I oversee a book club in the church where I work. We haven’t come up with a name more descriptive or imaginative than “book club,” so many people assume we’re a lot like the stereotype: women who gather to discuss the latest Oprah pick and drink lots of wine. We do drink wine and share a meal together every time we meet, but no Oprah books for us. And there are men in our group, too. And our members range in age from their early 30s to their late 60s. (One woman in an assisted-living community is a “virtual” member, keeping up with the club through our email discussions; she’s in her mid 90s).
We began the book club almost four years ago with Tim Tyson’s Blood Done Sign My Name. We invited Tim to our church to talk about race in America and racism in the church, and he regaled us with his storyteller’s wit and challenged us with his historian’s candor about the sad state of affairs in white southern churches. Tim is now something of a local celebrity and Blood is currently being made into a big-time Hollywood movie. We in the book club like to say we knew him when.
From the beginning we’ve imagined membership in the book club to be something of a spiritual discipline—a way to read texts communally; to wrestle with moral questions large and small; to sharpen our critical thinking skills and our powers of observation; to be moved by the beauty and power of language and to share that experience with friends who savor that same, simple joy.
We read widely across genres and we choose our books simply: we nominate favorites and then vote on them, narrowing down to the nine books we’ll read in a calendar year. As the overseer of the club, I have the power to break ties in the voting process and/or distribute the “weight” if we’re tending toward too many titles in the same category. This power has been a lesson in humility for me: I’ve had to read books with this group that I would never have chosen myself (and have learned to keep in check my snobbery about certain kinds of books and authors). But these friends have also humored me by going along with some of my literary idiosyncrasies. We’re all better friends (and more accomplished readers) because we have been willing to read books outside of our preference zone.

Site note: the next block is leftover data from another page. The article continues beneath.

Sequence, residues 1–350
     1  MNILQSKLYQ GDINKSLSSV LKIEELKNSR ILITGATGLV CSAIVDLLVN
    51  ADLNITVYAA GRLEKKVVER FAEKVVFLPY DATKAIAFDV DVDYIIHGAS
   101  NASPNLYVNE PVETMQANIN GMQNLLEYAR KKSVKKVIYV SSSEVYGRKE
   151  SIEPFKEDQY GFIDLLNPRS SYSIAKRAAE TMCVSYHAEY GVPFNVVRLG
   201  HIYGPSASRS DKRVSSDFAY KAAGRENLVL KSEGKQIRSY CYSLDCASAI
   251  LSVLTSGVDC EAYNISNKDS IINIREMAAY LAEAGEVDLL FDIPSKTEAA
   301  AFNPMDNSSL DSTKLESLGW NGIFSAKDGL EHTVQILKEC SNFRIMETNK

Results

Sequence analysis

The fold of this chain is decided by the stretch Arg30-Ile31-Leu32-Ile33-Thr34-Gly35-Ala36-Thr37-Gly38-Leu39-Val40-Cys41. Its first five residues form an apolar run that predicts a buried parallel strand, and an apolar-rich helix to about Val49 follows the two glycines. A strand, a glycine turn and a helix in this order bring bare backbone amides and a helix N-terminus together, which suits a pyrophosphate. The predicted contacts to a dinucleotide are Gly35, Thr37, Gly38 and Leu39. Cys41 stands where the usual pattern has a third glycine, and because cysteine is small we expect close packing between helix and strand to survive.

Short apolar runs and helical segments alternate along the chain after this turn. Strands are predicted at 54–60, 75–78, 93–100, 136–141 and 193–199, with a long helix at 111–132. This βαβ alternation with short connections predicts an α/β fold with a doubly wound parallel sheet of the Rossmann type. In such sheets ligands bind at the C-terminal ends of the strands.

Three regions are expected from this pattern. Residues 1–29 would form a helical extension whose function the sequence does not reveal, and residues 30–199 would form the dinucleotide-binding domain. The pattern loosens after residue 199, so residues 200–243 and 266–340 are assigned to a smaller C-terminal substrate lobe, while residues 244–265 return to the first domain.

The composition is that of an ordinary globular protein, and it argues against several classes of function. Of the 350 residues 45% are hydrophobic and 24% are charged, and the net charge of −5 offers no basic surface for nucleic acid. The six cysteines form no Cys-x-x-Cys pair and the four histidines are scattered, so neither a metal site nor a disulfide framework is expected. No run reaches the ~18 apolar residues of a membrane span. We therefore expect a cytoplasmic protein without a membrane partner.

Which isn’t to say we haven’t experienced our share of duds. One of Joyce Carol Oates’ novels goes down in our collective memory as a real clunker. I’m sure it wasn’t a bad book, but, for us, at the time, it just didn’t resonate. And we’ve also gotten into some heated disagreements over the years. Earlier this year The Wal-Mart Effect touched nerves that brought out defensiveness in some, a little smugness in others (me, especially); the air was pretty thick with tension that night. But we try to see our arguing primarily as a way of clarifying difference, as a way to persuade amiably—not as a battle to win or as a game of one-upmanship. Besides, there’s always too much good food and contagious laughter to stay mad for very long.
June is our last month of the 2007-08 book club season. We take a whole month off and start anew in August. So for the last few days I’ve been reading a book with this cheery title: Grave Matters: A Journey through the Modern Funeral Industry to a Natural Way of Burial. We’ve joked about this book all year—wondering how we could close out our year on such a morbid note. (My bad: every summer I put the upcoming books in reading order). It turns out, though, that this book about death is really about life, and I am looking forward to a summer evening with friends who, by their willingness month after month, year after year, to read together, eat together, laugh and argue, have made my own life richer and fuller.
(Originally published Saturday, June 14, 2008)